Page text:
So many musicians that read our site or go through some of our training go back to the same problems.
They are musicians, not marketers or internet superstars. This post is not meant to be an argument for the musician / businessman, but rather for those that want to get some things off their plate. We have been experimenting with outsourcing firms, VA's and local workers (college students/super fans) to see what we can dish off a musician's plate so they can focus on the bigger picture items.
Here are 5 things that can be outsourced and give you a sigh of relief:
You can spend a good amount of time looking through blogs to find relevant sites looking for authors who accept your kind of music and have enough traffic to warrant some effort. Having a team member do this research will give you the upper hand in this equation. Be sure to collect the site name, URL, contact info, Twitter handle, Compete traffic data and Google PR so you can sort both their relevance and the priority you give each site.
Tour and venue research.
Similar to the blog research, when looking for venues, bars and clubs to perform at live, have your new VA or super fan look through sites like SoudClick, ReverbNation, similar bands tour history and physical outlets like the Musician's Atlas to find the venues and some minor research like how they like to be approached, open dates that fit your schedule and other bands in the area that you may be able to open for/play with.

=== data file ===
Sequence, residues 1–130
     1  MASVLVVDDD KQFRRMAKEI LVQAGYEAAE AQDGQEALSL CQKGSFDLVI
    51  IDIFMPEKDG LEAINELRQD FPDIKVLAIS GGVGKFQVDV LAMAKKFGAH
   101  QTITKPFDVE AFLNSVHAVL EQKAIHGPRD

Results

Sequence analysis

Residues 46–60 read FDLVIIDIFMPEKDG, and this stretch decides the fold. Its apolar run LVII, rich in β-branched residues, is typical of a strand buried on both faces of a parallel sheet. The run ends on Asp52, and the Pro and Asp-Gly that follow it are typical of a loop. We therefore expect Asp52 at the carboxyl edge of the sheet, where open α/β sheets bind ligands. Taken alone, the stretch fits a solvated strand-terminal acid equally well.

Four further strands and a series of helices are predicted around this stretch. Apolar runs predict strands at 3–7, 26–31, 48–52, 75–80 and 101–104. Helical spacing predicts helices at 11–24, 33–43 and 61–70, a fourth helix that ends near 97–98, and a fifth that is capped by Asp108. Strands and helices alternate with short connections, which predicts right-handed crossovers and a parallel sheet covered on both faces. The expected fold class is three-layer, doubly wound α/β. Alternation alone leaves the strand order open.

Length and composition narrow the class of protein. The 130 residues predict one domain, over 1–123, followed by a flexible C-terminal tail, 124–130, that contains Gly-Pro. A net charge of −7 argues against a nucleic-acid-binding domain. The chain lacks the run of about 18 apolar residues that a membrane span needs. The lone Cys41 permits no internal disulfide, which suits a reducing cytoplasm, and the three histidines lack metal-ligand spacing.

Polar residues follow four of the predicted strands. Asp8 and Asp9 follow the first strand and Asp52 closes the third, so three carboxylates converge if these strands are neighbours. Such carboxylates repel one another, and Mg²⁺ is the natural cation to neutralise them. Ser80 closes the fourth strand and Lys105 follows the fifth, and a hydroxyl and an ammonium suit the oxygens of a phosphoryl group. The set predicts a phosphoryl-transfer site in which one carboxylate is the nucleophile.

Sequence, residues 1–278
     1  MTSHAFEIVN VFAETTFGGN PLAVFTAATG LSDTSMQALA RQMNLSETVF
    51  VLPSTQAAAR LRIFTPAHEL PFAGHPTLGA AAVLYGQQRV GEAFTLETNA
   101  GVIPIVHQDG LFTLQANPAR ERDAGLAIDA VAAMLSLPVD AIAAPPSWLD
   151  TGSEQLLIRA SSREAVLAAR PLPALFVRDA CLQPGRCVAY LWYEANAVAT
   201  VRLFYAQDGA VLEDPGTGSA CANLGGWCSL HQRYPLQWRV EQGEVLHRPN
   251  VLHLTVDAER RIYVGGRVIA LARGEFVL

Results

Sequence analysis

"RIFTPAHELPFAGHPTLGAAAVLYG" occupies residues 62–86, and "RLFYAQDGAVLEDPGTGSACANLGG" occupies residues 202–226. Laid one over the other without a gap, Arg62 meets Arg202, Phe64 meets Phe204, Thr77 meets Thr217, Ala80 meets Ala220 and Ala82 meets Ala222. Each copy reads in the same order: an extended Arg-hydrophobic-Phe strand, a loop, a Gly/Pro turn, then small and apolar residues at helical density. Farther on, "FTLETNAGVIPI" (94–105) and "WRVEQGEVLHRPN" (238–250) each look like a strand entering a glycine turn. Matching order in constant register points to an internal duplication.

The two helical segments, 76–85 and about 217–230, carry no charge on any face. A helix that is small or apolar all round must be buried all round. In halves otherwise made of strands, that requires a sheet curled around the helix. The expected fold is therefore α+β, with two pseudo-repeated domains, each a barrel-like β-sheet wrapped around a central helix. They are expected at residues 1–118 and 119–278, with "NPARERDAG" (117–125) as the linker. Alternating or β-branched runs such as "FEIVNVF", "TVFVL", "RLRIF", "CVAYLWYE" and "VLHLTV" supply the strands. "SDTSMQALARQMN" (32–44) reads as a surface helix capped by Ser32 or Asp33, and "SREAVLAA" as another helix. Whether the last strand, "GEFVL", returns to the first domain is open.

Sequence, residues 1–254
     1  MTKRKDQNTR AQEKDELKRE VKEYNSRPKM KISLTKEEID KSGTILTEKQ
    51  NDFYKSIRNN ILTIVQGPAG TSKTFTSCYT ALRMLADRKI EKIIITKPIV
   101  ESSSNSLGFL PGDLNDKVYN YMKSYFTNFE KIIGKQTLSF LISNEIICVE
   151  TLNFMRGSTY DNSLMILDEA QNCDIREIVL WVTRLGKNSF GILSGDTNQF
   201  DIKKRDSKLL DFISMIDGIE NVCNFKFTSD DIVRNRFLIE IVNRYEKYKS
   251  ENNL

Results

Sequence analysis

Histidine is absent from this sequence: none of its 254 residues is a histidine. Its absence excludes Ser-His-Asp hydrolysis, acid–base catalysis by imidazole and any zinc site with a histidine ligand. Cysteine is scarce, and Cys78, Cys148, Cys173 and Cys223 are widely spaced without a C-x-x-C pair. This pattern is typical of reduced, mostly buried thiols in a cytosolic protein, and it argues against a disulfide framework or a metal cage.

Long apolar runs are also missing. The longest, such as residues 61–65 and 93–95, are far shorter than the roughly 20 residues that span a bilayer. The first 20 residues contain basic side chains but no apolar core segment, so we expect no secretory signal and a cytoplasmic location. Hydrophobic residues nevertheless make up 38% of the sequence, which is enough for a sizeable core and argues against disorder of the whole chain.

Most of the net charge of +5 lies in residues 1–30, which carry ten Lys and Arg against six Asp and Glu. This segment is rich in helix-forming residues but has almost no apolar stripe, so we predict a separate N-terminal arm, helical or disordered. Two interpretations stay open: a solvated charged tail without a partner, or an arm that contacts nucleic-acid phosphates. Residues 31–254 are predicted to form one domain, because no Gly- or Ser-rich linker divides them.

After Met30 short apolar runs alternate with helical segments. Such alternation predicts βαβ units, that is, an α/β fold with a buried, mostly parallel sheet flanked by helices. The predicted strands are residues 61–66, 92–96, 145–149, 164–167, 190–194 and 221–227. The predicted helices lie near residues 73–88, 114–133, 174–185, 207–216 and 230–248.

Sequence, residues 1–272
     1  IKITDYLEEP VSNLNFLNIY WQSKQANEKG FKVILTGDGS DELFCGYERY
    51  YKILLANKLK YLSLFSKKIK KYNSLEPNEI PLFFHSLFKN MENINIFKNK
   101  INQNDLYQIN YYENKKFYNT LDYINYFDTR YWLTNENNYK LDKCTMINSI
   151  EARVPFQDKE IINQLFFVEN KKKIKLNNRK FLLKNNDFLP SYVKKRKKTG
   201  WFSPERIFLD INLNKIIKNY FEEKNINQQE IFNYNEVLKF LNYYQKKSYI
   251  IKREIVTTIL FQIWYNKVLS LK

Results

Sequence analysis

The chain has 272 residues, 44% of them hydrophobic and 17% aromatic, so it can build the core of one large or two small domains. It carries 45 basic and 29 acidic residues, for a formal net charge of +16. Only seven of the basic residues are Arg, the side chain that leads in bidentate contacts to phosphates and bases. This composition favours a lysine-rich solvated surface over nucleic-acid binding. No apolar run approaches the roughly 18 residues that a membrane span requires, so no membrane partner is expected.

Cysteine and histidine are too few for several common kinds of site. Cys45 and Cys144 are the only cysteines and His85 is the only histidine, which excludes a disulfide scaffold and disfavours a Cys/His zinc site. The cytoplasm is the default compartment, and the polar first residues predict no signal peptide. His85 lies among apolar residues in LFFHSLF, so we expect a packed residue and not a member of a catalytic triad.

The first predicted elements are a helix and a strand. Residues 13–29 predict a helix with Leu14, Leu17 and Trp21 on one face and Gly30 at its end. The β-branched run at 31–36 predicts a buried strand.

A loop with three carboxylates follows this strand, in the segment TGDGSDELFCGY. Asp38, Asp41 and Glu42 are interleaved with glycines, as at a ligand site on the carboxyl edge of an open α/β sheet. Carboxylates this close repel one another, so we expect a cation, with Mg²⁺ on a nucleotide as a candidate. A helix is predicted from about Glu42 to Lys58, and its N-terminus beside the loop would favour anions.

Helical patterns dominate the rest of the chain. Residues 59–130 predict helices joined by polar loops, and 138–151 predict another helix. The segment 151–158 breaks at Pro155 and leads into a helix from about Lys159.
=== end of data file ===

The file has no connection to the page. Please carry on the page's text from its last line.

Stats and analytics.
As a musician you more than likely will look at Google Analytics or a music based data company like BandMetrics and just see a bunch of lines and colors. Have someone with some backgorund in these programs look at them weekly for you and track some of the important stats like unique visitors, traffic sources and conversion rates. This will save you some Advil.
This is my favorite because I shoot a lot of video and I don't have the time to wait for things to render or mess with them to make shiny transitions or cuts. Video editors are all over the net looking to work on your project. Hattip - look for college students in video programs that need portfolio or class work.
Just because you can write a song doesn't mean you know how to write for the web and write powerful sales copy. A copywriter can write SEO and visitor friendly bios, sales pages, email copy and more to help fans find you online, tell them who you are and more importantly buy stuff when they get engaged with your music.
There are countless other things that can be outsourced.
Think about the recording process. You outsource to get your tracks mixed and mastered. You outsource for duplication. Now just apply those same principles to your marketing. But remember, the more hands on you are the more you are going to understand the business and more importantly understand your business.
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This post was written by Greg Rollett from the music marketing company, Gen-Y Rock Stars. Visit his site and follow him on Twitter too!